A few months ago, Julian’s father left his mother for a much younger woman. Where before Julian was located between two poles, his mother and his father, he is now left with only a mother, who stands entirely alone in an alien land, like that lighthouse out there on the rocks, lost in a thickening fog. But the truth is that Julian rarely positioned himself between his mother and father. It is Aunty Jen who has been his mother’s opposite. According to Jennifer, Julian’s birth was long and difficult, but his mother refused all pain medication. Jennifer had given Emma a book that claimed that if you relaxed and breathed properly during labour, the birth of your child could be relatively pain free. Relative to cutting out your heart with a blunt spoon? Emma later asked. Jennifer, who has never been able to have children of her own, was there throughout the nine-hour labour. She wanted the child as much as Emma did. When the baby – a battered, dark-red Inuit with jet-black hair and floppy ears like a puppy – was finally severed from the mother, measured and bound by the nurses, it was Jennifer who took the baby and held him close and told him that she would protect him forever. The first photographs of Julian in hospital are not with his mother and father, but his mother and aunt. Julian arrived in the world ten days later than expected and Aunty Jen said his father was away for the night on a long-standing business trip. This is not the first time Julian’s aunt and uncle have accompanied them on a holiday, but before his father was there to balance out his uncle’s presence, the two men in the family being further off and less in focus than the two women. Julian enjoys being the only child inside this architecture of adults. It gives him all the attention he requires as well as solitude whenever he needs it. But he also likes these moments alone with his mother, their wet feet slapping along the cement path towards their room, surrounded by the swaying green light of the trees. Julian’s mother is his home, his aunt his holiday home. He can tire of his aunt, but never his mother. His mother is inexhaustible, like the sea. His aunt is more like the hotel swimming pool, where he can pretend to be someone else. Since their arrival two days ago, Emma has been encouraging Julian to swim in what he likes to call ‘the actual sea’. But he is a boy from Johannesburg, a city without a decent river, let alone a sea. The idea of the actual sea still frightens him. There are sharks, of course, but what he dreads more is the thought of the riptide dragging him away from the beach and the familiar lighthouse being drawn slowly down into the weave of water. What would he do if he was taken out there? How would he judge the direction back to the shore? Would he be strong enough and patient enough to remain calm until his mother remembered to rescue him? Aunty Jen and Andrew are already waiting, his mother says as they enter the cool interior of their room. After lunch, Andrew wanted to know if you’d be up for a game of tennis. Tennis? Only for an hour or two. The idea of playing tennis with his uncle is something that has been mentioned several times before. Julian doesn’t know why his mother is being so insistent. All he knows is that she will keep nagging him until he agrees to it. There has always been an unsettling kind of electricity between his mother and uncle. They have a different voice for one another that they never seem to use with anyone else. It’s as if they feel sorry for each other, or share the same source of disappointment. Although Aunty Jen has never once mentioned this private voice to Julian, he knows that she knows about it. She knows about it because they have a secret voice of their own. I only have trainers, Julian says. What if I make black marks on the court? I shouldn’t worry about that. When he can find nothing to say to this, she adds: So you’ll go after lunch?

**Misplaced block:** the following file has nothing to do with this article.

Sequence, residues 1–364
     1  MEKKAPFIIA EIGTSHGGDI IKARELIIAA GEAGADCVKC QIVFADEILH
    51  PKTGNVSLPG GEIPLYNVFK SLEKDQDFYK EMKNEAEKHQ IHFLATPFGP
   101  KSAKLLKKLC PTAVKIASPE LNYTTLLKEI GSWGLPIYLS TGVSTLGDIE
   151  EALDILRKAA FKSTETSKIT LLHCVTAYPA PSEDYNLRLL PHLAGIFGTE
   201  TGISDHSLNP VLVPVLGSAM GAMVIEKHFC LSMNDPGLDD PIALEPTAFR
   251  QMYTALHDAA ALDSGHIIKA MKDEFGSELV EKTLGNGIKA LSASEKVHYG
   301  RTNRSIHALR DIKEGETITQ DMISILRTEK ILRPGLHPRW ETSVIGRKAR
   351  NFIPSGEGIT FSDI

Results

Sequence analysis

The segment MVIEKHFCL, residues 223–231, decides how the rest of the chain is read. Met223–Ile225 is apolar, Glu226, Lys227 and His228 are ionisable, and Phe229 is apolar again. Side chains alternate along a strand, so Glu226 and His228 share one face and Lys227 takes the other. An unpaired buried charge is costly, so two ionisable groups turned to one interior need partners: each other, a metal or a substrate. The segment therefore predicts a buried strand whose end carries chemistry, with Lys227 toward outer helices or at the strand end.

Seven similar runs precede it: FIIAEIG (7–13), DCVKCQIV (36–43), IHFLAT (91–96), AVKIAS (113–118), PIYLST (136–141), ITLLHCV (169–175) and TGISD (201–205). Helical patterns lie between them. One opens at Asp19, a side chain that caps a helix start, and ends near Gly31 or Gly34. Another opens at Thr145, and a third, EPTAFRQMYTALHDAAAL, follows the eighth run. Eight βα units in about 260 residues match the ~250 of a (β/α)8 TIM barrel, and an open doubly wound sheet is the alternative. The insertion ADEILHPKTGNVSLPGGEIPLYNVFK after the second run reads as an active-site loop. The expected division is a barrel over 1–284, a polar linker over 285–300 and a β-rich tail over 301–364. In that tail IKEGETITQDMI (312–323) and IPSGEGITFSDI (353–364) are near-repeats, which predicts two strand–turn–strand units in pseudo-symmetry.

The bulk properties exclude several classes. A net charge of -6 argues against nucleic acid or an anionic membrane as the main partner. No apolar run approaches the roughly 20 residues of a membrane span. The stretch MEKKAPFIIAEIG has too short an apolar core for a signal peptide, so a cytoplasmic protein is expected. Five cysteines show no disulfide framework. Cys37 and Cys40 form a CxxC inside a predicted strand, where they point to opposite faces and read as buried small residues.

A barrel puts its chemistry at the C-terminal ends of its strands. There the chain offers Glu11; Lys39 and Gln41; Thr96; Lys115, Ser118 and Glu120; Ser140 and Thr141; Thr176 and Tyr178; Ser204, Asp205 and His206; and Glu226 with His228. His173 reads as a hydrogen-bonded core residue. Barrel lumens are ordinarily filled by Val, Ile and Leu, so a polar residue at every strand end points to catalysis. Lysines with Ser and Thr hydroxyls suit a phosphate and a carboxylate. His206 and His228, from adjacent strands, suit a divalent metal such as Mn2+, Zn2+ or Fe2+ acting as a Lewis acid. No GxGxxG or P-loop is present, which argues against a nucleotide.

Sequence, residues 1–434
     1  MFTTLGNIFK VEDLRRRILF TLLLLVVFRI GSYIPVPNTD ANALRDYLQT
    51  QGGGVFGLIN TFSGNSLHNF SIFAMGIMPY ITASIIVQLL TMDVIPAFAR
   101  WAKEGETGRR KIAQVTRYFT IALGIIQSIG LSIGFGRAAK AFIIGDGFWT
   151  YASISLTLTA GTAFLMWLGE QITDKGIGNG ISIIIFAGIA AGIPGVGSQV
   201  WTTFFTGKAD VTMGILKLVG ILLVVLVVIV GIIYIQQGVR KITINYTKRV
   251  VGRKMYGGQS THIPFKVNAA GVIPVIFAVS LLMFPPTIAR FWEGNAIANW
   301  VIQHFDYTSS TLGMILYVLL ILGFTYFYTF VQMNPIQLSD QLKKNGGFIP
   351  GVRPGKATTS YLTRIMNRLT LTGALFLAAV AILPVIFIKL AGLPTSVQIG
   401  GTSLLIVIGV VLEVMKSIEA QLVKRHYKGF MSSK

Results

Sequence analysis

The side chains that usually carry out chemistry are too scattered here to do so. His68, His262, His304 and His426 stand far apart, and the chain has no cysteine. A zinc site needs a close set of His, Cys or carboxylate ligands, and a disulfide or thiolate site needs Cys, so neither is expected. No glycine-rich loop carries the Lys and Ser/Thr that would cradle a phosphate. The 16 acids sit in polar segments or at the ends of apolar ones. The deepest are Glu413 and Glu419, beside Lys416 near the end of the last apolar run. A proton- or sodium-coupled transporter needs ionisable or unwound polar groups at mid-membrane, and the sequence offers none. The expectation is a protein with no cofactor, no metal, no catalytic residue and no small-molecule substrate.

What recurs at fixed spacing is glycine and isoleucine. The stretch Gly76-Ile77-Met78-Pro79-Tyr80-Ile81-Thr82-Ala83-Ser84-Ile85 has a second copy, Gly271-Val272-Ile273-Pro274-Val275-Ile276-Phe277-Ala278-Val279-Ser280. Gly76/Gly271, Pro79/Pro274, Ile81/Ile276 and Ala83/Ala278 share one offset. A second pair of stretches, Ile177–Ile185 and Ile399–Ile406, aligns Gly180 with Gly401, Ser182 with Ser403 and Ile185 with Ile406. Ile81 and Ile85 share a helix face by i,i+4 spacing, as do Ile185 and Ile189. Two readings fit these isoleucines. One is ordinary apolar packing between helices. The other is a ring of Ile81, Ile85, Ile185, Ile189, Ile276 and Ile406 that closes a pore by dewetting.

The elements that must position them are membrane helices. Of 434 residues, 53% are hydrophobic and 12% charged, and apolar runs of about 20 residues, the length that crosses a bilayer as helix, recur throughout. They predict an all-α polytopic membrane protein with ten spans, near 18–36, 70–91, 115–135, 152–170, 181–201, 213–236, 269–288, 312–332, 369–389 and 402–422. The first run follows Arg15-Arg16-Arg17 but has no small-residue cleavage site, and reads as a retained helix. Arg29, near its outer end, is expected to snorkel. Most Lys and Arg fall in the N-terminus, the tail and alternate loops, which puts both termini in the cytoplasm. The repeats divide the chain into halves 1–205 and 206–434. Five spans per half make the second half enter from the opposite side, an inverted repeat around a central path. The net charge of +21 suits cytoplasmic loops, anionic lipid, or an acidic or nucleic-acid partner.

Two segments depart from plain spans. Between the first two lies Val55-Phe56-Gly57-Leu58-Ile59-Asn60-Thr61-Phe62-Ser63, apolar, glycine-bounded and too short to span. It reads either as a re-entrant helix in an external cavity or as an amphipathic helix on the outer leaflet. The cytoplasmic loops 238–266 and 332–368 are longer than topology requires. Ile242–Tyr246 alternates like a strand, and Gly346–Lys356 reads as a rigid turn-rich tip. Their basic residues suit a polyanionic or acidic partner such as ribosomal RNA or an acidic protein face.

All right. He knows the idea of tennis will only go away if he agrees to it. Hopefully during the meal the adults will get distracted by the champagne and conversation and forget about it. Julian is very good at slipping away at the height of a discussion, at that moment when the adults feel they have involved him sufficiently and can move on to subjects closer to their hearts. Julian has never had any reason to dislike his uncle. Uncle Andrew has always been a benevolent but distant giant with the tact to leave him alone. Now that his father is out of the picture, however, his uncle is being used in ways that Julian, and he suspects his uncle, never agreed to. His uncle’s profession has always unnerved Julian. He is some kind of analyst, which means that he is forever listening to what you aren’t saying instead of what you are. Which also means that he never seems to be paying any attention to what you’re saying at all. Andrew and Jennifer are sitting at a table at the far end of the hotel veranda, at a table that overlooks the swimming pool and the lighthouse and that might have been set aside for lovers or couples intent on an argument. Already there is a bottle in a frosted silver bucket on the table. It took only moments after checking in for Aunty Jen to learn that the hotel provided free champagne to guests while occupying the swimming pool area. She has spent most of her time occupying the pool area since. She claims she likes to watch the monkeys, which sit in the rafters on their powdery blue balls, swinging down to a vacated table to steal a bunch of grapes or a slice of pizza whenever the waiters are distracted. But Julian knows his aunt better than that. She is never far from a good bottle of wine and a complicated-looking book. Uncle Andrew, who is wearing one of his navy-blue golfing shirts, is flicking through a newspaper while Aunty Jen sucks on another cigarette. Julian doesn’t mind the smell of the smoke, but he knows that his mother dislikes it when Jennifer smokes in his presence. Jennifer often reminds her that their father smoked constantly during their childhood and that Emma never minded it then – and this always shuts Emma up. Darling! Jennifer says, looking towards her younger sister with her usual irritable tenderness. I see you caught a fish. It’s those new goggles, Emma says. He never wants to take them off. Jennifer sends a smile towards Julian at the same time as she moves aside in her striped chair, inviting him to sit next to her – which he does, as he always does. Julian thinks of Emma and Jennifer as sisters, but they are only half-sisters. Emma’s mother was a beautiful Spanish marine biologist who stole their father from Jennifer’s mother, who was a less beautiful teacher of Latin and French. This is why Julian’s mother has crazy black hair that goes even crazier at the sea and his aunt has sensible reddish hair that always seems to be in danger of falling out. The two women couldn’t look less like sisters or be more different. Emma is a sculptor of magical, monumental bronze figures that sell for over a million rand each, while Aunty Jen is a modestly paid English teacher at Julian’s new school, St Francis College for Boys. By now Uncle Andrew has folded the newspaper and raised his glass to toast their arrival. Uncle Andrew keeps himself fit by swimming every morning at the local gym. He has dark-blond hair and pale-grey eyes and he looks much younger than Aunty Jen. Julian’s mother says this is because Andrew hasn’t yet started to really live and that people like that often die early because their bodies lose hope and give up on them. Julian says he’s up for a game after lunch, Emma says as she settles next to Andrew. He is? Uncle Andrew looks at Julian as if giving him the opportunity to contradict this. Sure. Your son has a very strong backhand, Emma, he says, still watching Julian. All he needs is more confidence to approach the net. The two of them smile as if this means more than it does, and Andrew fills Emma’s glass and tops up the glass of his wife. Even though Aunty Jen drinks much more than everyone else, she is the only one who never gets drunk.